== So what’s the product? ==Torrax XD2 – from the Muntons range of ultra-dark malt extracts, made from roasted malt extracted into a water-soluble viscous liquid, which retains the characteristics of the roasted malt. The result is an intensive, ultra-dark brown extract, made just from barley.== Why should bakers use it? ==When added at only 1% in chocolate muffins, for example, bitter chocolate notes are promoted, giving the flavour of a more indulgent, richer product. The crumb is more “glossy” and the colour darker, making the consumer believe they’re getting a premium product. In savoury products, such as rye bread, Torrax gives a chocolate brown colour to the crumb, without the greyness usually associated with roasted cereals.== What’s so different about it? ==Torrax XD2 is an ingredient – not an additive. It should be described as ’barley malt extract’ in the ingredients list. Not only does it add colour, but also a natural dry bitterness.== Bottom line, what will this do for the baker? ==It means you do not have to add an e-number to your ingredients list when you want to add colour and enhance roasted/bitter flavours in your product, helping you to keep your labels clean. And it makes bland-looking products stand out on-shelf.== Anything to add? ==When we taste-tested chocolate muffins, three-quarters of the panellists preferred the sample with 1% Torrax XD2, with 10% reduced chocolate chip and cocoa content.
There’s really no genre that adequately defines The Hip Abduction. Somewhere in the realm of world music, THA embraces pop values and catchy hooks, electronic-influenced drops and synthesizer melodies, and just about everything in between. Their live shows are something to behold, with multi-instrumental jam sessions guaranteed to get your groove on.In a recent interview, guitarist David New does his best to describe their sound. “If Paul Simon smoked more pot and was listening to 2015-era tropical synth pop right before he wrote the Graceland album.” We’ll take it.The band is coming into 2016 hot, already announced on several festival lineups, and a full album of new music due out March 11th. Gold Under The Glow is certainly aptly titled, as each track is a radiant musical expression. From the fast-paced (“Come Alive,” “Crazy”) to the stripped-down (“Wandered Away,” “Higher”), each song on Gold Under The Glow showcases a band at the peak of their creativity.Overall, a listener can feel the uplifting and life-affirming vibes in The Hip Abduction’s message. “Before we lose our mind, let’s get set free and face the warmth of the high and the sound of the sea,” sings New in the opening track, “Before We Lose Our Mind.” Perhaps this is the gold of the title, breaking from the monotony of life and experiencing something deeper.Listen to that song, and a handful of THA selections from their SoundCloud playlist below:The Hip Abduction situate themselves in a unique position, nestled between world influences, electronic production, and good ol’ rock and roll. Whatever it is they’re doing, it’s working, because this is one great listen. Pre-order Gold Under The Glow by visiting the band’s website. Tour dates can be seen here.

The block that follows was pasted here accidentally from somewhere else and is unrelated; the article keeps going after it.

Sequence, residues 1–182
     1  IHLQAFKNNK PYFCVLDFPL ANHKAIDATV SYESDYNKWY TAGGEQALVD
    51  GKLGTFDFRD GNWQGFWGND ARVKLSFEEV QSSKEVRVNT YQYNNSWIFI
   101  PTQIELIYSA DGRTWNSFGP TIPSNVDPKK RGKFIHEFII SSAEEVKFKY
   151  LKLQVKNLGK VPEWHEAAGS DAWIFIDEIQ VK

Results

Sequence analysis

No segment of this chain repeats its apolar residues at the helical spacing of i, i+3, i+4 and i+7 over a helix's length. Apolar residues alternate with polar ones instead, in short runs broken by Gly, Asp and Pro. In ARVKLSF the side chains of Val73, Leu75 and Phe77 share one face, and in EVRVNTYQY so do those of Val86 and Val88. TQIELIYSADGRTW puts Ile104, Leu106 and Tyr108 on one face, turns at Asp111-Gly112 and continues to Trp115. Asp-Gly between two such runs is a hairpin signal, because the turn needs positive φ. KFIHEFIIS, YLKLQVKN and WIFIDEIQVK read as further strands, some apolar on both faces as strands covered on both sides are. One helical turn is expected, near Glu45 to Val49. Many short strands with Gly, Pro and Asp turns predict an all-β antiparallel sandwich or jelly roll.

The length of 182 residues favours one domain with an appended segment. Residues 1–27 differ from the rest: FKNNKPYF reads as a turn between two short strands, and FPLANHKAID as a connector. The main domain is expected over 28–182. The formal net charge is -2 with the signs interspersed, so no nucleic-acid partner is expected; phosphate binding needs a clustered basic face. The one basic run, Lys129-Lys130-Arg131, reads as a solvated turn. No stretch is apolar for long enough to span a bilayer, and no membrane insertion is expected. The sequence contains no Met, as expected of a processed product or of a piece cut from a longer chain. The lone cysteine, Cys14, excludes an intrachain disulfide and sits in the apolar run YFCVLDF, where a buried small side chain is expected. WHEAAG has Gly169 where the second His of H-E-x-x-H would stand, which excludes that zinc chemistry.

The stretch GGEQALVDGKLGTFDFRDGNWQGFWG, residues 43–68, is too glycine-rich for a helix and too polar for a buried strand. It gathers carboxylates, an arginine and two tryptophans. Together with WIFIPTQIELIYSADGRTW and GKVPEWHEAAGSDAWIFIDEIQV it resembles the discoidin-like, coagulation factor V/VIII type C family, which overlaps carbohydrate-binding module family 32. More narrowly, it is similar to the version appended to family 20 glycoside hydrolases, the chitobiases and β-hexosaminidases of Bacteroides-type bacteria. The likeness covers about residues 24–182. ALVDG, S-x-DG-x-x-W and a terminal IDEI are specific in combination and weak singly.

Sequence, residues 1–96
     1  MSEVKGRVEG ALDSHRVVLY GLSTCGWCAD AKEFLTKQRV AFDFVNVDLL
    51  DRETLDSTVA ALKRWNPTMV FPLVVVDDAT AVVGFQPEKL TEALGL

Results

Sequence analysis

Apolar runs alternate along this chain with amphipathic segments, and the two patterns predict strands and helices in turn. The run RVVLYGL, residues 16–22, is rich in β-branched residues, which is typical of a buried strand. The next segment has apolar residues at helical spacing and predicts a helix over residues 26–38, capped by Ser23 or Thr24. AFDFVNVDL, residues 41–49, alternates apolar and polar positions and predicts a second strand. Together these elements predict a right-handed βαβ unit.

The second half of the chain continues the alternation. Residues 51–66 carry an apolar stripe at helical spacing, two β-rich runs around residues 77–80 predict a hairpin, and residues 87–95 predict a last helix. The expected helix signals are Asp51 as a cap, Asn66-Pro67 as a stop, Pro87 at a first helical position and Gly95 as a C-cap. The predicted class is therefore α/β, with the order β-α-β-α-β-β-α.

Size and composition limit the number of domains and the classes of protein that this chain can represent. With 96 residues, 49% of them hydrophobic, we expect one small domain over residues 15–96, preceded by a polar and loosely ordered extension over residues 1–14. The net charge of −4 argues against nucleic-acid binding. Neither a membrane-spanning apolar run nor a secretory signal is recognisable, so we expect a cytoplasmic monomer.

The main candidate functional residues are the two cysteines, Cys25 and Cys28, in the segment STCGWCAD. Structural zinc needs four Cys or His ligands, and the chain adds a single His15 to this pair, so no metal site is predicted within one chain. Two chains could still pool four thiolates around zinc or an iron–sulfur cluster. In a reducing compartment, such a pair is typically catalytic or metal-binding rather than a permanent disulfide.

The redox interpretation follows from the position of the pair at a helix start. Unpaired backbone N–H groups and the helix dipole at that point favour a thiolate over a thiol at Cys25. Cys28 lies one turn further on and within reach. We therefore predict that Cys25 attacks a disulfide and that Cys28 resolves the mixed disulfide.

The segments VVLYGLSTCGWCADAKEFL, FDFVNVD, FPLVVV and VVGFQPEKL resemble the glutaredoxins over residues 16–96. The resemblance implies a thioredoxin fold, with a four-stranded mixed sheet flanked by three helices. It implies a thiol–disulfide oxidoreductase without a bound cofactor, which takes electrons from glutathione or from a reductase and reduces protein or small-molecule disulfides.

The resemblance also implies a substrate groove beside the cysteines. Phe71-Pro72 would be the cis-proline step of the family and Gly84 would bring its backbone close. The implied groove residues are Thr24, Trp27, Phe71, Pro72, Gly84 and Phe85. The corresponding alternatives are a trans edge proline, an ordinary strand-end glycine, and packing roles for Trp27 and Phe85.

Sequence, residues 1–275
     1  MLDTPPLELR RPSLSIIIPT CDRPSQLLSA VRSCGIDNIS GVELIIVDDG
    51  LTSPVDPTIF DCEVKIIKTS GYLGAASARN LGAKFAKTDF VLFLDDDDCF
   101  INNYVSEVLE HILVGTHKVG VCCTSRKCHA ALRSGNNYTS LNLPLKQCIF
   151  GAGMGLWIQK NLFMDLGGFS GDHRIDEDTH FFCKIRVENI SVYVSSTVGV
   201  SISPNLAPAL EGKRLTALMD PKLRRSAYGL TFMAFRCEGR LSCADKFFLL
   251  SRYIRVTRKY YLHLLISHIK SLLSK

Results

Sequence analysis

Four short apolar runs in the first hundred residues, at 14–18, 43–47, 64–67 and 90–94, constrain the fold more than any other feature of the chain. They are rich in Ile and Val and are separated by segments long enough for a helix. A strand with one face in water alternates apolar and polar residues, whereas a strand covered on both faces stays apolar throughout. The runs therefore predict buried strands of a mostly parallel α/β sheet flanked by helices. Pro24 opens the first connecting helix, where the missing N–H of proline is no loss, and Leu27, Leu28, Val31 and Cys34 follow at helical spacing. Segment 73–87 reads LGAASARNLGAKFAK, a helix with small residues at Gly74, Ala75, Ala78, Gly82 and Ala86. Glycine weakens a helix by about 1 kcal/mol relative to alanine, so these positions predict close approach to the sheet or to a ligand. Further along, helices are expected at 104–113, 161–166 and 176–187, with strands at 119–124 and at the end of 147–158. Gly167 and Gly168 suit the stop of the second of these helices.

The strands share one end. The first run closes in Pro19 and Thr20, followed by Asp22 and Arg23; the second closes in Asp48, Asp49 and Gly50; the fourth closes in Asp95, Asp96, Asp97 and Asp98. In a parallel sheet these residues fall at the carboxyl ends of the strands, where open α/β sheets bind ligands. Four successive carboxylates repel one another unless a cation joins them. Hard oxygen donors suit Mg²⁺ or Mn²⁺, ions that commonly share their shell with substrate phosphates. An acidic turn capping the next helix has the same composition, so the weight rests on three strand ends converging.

David Charbonneau has loved the outdoors since he was a Boy Scout growing up in Ottawa. As a young man he was an avid hiker, a pursuit that eventually nested nicely with his growing interest in astrophysics and the dark, remote mountaintops where scientists turned the eyes of telescopes to the heavens.Now Charbonneau, a newly tenured professor of astronomy at Harvard, has become one of those scientists. Thinking back to his Scout days, he can’t remember a time when he wasn’t intrigued by the stars. His interest started as a pastime.“I had my little star chart, but being an astronomer didn’t seem like a real job to me, growing up,” he said.Charbonneau is humble about what he has accomplished. At 36, he has already had a fruitful career, making major contributions to the discovery of exoplanets, which orbit stars other than our sun. He heads the National Science Foundation’s MEarth Project, which is hunting for habitable super-Earths orbiting nearby small stars, and is a member of the NASA Kepler Mission to survey Earth-like planets.In his office sits a giant crate containing the planet-searching telescope he built as a postdoc — waiting to be unpacked in his office at the Harvard-Smithsonian Center for Astrophysics.“It looks like a little person when it’s all set up,” he said, laughing. “And it is a neat piece of equipment for students to see.”For all his success, Charbonneau seems focused as much on his students as on his own research.Since Charbonneau took the reins as director of undergraduate studies in the Department of Astronomy in 2008, he has spent hundreds of hours redesigning course offerings. His goal has been to offer a set of courses diverse enough so every student with an interest in astronomy can take an appropriately focused course.“Five years ago, we didn’t have much support for concentrators who didn’t want to get a doctorate in astrophysics,” he said. “Astronomy should be more accessible than that.”Charbonneau has personally taught many of those new courses, from a freshman one on stellar astronomy to an advanced course on exoplanets. Those who’ve taken his courses report that his ability to explain complex concepts in astrophysics to students of varying backgrounds is astounding.As a professor, Charbonneau has a reputation for being both approachable and inspiring. He is transparently excited about astronomy. He makes searching eye-contact with his students, scanning the room as if hoping to catch a moment of recognition in their faces. Even students outside his department find his zeal for astronomy to be infectious.But Charbonneau is surprisingly bashful about his success in the classroom.“Students want to learn about interesting things,” he said. “I’m lucky enough to know a lot about the universe, which is pretty interesting, if you ask me.”